Ayesha would go on to publish a book, The Shakespeare Phenomenon, and have a very successful career as an author and linguist. “The Phenomenon” was taken by some to be concrete proof of a god who had created both Humans and Yevs. Others said it was proof that the works were so universally profound that it had simply occurred to separate authors of different species to write them.
Whatever the explanation, everyone agreed that the connection had helped strengthen the alliance between Humans and Yevs. Such a unique similarity was surely proof that these two species were meant to help each other and thrive.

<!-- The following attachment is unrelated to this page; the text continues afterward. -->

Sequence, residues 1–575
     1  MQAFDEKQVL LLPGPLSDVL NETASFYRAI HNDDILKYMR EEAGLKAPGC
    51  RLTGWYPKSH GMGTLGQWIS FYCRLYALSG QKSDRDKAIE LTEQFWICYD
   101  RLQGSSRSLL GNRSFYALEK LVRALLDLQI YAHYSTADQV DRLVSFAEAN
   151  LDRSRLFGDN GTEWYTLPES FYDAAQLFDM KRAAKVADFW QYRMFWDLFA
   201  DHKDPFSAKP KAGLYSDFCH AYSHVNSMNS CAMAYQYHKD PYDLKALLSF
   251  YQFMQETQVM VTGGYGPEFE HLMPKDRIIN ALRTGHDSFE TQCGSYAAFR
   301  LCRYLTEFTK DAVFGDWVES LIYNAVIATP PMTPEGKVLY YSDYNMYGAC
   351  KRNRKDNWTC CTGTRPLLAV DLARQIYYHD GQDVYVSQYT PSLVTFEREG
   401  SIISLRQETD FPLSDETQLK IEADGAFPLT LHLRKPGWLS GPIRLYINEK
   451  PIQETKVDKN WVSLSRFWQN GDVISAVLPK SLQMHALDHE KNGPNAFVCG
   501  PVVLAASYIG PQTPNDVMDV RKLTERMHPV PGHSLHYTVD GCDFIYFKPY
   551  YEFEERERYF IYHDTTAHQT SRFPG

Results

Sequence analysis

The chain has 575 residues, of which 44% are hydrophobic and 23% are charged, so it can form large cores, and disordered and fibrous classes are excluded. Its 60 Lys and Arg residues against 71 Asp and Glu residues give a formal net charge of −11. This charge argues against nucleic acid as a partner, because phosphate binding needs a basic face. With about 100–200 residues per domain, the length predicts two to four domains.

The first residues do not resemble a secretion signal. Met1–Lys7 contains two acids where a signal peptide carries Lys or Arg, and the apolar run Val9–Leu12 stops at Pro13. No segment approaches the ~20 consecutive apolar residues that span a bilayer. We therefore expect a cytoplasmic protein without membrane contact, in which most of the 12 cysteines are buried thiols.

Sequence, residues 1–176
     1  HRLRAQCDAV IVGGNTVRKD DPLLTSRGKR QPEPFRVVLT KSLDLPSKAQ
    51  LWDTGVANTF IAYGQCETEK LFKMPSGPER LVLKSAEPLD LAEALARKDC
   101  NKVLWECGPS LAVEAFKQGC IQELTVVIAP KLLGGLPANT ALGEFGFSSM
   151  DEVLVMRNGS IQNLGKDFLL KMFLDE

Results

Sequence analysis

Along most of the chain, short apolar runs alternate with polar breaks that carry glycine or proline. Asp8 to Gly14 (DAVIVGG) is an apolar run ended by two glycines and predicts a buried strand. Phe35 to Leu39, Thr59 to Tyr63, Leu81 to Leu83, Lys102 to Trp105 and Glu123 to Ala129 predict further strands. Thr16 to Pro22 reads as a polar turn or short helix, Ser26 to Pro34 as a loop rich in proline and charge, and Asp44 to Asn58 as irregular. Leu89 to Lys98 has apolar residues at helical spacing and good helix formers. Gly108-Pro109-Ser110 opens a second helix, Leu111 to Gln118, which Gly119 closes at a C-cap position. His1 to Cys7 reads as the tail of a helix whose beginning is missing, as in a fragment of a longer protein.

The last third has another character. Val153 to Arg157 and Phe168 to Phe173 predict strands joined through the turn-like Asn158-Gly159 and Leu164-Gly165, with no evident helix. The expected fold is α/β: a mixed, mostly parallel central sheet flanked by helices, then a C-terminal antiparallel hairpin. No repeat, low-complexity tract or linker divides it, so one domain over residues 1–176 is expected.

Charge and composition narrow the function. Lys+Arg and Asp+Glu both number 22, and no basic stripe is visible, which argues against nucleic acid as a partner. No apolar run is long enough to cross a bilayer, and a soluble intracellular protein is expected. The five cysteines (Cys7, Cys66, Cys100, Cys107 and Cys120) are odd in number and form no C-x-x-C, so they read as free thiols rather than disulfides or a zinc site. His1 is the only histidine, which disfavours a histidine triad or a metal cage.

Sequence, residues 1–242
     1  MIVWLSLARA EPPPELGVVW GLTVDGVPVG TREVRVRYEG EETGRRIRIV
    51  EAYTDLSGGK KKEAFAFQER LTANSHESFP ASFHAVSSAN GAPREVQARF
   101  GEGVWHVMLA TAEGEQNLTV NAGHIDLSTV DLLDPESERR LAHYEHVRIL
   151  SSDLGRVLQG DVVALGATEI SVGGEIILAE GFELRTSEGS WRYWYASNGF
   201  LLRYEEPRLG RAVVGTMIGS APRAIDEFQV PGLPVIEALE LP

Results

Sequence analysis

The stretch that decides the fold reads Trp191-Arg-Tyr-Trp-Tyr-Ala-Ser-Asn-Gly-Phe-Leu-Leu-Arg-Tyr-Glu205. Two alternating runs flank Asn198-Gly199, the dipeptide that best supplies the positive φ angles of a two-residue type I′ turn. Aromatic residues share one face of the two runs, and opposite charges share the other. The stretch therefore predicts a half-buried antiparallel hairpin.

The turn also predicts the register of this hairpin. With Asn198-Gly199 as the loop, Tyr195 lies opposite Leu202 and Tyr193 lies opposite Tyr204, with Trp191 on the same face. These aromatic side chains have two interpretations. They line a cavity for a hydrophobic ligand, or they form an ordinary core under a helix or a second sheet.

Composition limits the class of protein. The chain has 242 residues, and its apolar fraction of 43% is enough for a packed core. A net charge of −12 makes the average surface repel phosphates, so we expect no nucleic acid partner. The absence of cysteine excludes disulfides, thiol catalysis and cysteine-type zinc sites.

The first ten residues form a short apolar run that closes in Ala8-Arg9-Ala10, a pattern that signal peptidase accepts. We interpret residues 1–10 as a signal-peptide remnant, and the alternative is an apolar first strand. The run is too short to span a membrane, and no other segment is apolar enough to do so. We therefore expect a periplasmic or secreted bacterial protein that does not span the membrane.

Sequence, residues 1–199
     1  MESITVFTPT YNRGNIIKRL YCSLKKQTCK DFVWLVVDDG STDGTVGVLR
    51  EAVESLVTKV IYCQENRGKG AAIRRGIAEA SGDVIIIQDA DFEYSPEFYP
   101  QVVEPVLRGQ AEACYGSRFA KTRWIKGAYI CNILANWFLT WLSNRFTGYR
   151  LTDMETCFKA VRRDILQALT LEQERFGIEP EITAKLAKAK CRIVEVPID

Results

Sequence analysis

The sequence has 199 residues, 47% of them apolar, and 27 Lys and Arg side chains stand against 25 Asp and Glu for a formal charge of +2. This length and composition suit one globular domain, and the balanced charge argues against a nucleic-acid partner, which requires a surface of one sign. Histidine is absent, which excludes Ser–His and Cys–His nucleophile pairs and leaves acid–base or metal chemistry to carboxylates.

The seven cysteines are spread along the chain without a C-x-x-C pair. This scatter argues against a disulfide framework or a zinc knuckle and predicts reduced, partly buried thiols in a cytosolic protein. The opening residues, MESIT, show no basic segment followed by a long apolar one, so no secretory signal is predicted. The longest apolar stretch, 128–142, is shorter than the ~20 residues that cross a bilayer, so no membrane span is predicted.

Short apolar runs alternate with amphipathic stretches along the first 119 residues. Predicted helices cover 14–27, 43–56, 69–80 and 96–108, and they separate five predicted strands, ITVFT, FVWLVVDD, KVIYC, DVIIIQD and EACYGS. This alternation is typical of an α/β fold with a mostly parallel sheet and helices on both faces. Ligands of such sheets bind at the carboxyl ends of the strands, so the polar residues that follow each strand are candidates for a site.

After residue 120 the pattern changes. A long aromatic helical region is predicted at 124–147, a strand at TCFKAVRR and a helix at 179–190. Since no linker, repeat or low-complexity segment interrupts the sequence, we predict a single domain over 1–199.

Though, some 300 years after Ayesha’s conversation with Professor McKay, the connection was proven not as unique as previously thought. It was then that an Earth ambassador, attending a celebration put on by a newly met aquatic species known as the Pevnack, realized he was watching a Pevnackian theatre troupe putting on a production of what was unmistakably The Taming of the Shrew. Asking his interpreter what this play was, he was told it was a classic by the great Pevnackian playwright Unilick of the Shore. It wasn’t long before all of Unilick of the Shore’s plays were translated and discovered to be Pevnackian versions of Shakespeare’s work. This sent waves of intrigue over all three planets, and a new drive to search how far reaching these works truly were began.